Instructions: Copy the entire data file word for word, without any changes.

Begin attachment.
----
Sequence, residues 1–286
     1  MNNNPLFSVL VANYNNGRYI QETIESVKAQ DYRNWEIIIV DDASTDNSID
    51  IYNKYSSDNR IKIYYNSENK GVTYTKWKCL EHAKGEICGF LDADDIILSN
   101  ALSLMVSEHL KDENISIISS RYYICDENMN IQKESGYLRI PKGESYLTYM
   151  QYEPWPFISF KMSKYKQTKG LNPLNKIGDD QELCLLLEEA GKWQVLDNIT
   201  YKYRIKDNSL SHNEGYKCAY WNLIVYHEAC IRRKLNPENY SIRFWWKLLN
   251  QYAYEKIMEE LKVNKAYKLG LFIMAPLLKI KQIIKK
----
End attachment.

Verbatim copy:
Sequence, residues 1–286
     1  MNNNPLFSVL VANYNNGRYI QETIESVKAQ DYRNWEIIIV DDASTDNSID
    51  IYNKYSSDNR IKIYYNSENK GVTYTKWKCL EHAKGEICGF LDADDIILSN
   101  ALSLMVSEHL KDENISIISS RYYICDENMN IQKESGYLRI PKGESYLTYM
   151  QYEPWPFISF KMSKYKQTKG LNPLNKIGDD QELCLLLEEA GKWQVLDNIT
   201  YKYRIKDNSL SHNEGYKCAY WNLIVYHEAC IRRKLNPENY SIRFWWKLLN
   251  QYAYEKIMEE LKVNKAYKLG LFIMAPLLKI KQIIKK